Catalina beckons just offshore

13269-catalina.JPG

The Holly Hill House, a Catalina landmark since 1890, is the third oldest
house in Avalon. (Staff photo by Jerome Orense)

Long Beach: 33 miles.

By Pia Abelgas Orense
Staff Writer

Catalina Island’s town of Avalon, with moored yachts bobbing on its bay and colorful cottages resting on the hills, has been likened to an idyllic Mediterranean port.
Avalon is indeed a romantic, quiet town. There are no big-name stores here, no commercial development, no urban sprawl, no traffic lights. Instead, you get a charming little oasis surrounded by sun-soaked hills and unspoiled countryside. Cars are restricted on the island so residents drive golf carts and the speed limit is 15 miles per hour, contributing to the town’s slow, leisurely pace.
For people who live in the inner cities of Los Angeles County, Avalon is the ideal place for detoxifying — from stress, from urban living, from sensory pollution. A mere 22 miles away from Los Angeles’ ports, the island is the ultimate place to “get away” without really going away.
It takes a little more than an hour by boat to get to the island from San Pedro or Long Beach. High-speed catamarans leave the mainland ports as early as 8 a.m. and the last boat returns at 8 p.m., making it alluring for those who only want to visit for a day. Avalon is only a square mile so a day is enough to experience the town’s charm and beauty.
For first-time visitors, there’s plenty to do and see. You can swim, parasail, snorkel and scuba dive.
Why not rent a kayak or paddle boat; take a glass-bottom boat or submarine tour; or just soak in the sun. Bus tours wind through the town’s streets to the coastline road, which goes up to an elevation of 400 feet to Mount Ada, and down to Avalon Canyon.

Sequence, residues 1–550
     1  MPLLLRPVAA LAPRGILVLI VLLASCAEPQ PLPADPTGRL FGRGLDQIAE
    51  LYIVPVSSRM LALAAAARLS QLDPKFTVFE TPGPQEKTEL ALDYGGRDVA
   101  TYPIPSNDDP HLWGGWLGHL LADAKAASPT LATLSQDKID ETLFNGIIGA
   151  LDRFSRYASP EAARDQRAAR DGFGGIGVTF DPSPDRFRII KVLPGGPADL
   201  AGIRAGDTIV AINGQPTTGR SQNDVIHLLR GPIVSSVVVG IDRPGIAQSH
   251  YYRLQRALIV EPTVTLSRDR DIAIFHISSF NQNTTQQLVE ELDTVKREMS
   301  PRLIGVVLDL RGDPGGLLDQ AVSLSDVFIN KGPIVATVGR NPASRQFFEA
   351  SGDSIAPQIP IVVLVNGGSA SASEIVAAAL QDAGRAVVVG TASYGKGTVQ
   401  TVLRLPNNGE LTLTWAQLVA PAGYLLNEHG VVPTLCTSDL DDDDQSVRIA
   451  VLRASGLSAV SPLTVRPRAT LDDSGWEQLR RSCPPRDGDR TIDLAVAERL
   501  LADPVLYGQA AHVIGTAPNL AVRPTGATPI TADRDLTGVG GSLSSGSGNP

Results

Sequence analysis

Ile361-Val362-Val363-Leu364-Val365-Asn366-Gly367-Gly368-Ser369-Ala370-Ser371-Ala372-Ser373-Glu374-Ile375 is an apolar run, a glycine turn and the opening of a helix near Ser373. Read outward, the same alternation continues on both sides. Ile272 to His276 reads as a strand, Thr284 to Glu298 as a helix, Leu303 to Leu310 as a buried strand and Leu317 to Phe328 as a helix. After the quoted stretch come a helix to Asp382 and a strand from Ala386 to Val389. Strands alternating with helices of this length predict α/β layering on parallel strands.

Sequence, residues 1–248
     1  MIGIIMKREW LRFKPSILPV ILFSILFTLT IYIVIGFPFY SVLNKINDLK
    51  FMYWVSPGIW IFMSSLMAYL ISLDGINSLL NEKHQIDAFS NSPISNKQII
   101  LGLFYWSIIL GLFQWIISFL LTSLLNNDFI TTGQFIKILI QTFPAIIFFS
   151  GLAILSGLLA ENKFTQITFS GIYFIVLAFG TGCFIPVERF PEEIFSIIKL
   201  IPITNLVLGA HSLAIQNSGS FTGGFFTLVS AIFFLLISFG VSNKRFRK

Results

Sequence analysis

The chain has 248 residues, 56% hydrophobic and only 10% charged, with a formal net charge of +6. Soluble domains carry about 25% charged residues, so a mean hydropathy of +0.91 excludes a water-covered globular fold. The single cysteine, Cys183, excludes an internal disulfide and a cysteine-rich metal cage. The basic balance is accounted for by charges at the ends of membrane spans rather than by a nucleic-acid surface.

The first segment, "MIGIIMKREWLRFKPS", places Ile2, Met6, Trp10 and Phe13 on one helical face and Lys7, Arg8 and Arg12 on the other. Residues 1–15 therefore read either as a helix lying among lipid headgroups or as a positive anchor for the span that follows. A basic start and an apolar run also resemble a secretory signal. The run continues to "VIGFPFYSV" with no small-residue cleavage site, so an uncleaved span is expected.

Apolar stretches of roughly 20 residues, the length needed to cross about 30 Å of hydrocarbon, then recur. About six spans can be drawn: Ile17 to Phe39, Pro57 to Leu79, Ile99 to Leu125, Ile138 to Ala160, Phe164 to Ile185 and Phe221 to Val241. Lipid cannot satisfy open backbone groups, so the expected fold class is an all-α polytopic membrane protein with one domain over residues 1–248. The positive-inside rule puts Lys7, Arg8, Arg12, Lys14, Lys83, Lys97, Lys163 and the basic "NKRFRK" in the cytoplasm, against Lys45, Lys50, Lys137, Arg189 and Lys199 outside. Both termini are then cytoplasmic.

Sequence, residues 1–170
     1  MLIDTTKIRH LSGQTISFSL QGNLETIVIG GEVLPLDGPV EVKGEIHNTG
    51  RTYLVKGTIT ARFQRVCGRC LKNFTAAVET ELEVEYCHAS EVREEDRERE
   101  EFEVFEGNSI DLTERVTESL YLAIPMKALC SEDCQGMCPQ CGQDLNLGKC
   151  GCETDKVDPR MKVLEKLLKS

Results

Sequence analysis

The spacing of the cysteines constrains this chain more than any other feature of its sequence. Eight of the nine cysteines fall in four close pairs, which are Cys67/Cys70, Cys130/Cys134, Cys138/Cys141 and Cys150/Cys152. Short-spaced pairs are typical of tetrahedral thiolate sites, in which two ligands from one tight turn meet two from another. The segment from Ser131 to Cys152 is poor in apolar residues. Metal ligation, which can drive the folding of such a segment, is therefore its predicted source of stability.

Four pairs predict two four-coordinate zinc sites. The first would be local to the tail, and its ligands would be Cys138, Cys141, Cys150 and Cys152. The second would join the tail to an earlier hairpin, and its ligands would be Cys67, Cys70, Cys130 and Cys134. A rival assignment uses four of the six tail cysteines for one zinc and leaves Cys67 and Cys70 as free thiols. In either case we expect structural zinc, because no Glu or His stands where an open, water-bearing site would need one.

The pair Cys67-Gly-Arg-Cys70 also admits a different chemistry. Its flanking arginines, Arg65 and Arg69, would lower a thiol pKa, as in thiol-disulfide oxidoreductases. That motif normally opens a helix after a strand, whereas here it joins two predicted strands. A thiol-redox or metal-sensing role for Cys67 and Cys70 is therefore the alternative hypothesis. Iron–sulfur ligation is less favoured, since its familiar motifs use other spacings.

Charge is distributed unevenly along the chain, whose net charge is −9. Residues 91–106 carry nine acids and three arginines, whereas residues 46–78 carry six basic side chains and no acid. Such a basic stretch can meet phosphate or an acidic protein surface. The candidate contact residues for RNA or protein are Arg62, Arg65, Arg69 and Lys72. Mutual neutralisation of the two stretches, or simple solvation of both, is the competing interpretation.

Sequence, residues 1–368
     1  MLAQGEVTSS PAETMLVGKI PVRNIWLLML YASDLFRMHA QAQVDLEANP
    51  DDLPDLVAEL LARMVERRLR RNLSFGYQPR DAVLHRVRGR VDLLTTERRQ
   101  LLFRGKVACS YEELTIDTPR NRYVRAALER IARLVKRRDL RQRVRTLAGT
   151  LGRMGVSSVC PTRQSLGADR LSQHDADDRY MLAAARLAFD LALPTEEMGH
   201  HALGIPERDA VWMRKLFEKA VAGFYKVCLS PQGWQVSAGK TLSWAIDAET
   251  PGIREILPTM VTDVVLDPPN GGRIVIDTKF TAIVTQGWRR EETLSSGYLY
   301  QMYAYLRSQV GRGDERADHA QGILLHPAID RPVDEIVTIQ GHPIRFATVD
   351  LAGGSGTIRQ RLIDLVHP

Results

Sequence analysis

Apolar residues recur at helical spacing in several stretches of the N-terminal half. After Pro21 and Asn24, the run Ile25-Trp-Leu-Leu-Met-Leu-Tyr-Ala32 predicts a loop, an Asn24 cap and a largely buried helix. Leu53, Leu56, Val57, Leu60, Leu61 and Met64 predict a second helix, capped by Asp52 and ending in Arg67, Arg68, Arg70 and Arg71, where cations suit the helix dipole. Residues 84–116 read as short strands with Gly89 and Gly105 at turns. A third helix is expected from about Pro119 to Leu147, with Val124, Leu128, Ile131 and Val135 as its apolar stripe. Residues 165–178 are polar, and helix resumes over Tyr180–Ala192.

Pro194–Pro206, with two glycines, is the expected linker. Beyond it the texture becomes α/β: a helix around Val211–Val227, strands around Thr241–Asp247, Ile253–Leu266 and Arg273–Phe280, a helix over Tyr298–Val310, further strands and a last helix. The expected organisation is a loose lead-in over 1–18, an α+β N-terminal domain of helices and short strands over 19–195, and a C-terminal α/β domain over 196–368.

When we visited Avalon for a day earlier this summer, we opted out of any of the tours and water activities. Instead we decided to do a lot of walking and a lot of eating.
Our first stop to get in vacation mode was A Touch of Heaven Day Spa at the Metropole Market Place. The spa is tucked in a quiet courtyard next to Hotel Metropole. It’s so small the receptionist’s desk is outside the door under an awning.
The interior can only accommodate two guests at a time, but the room is beautifully decorated and perfectly dim. It’s more cozy than cramped.
The spa offers several therapeutic massages, including reflexology, accupressure and stone therapy. My husband and I signed up for the “Couples Romance,” which was an hour of medium-pressure Swedish massage using aromatic oils. The package cost $180 for 60 minutes and $240 for 90 minutes.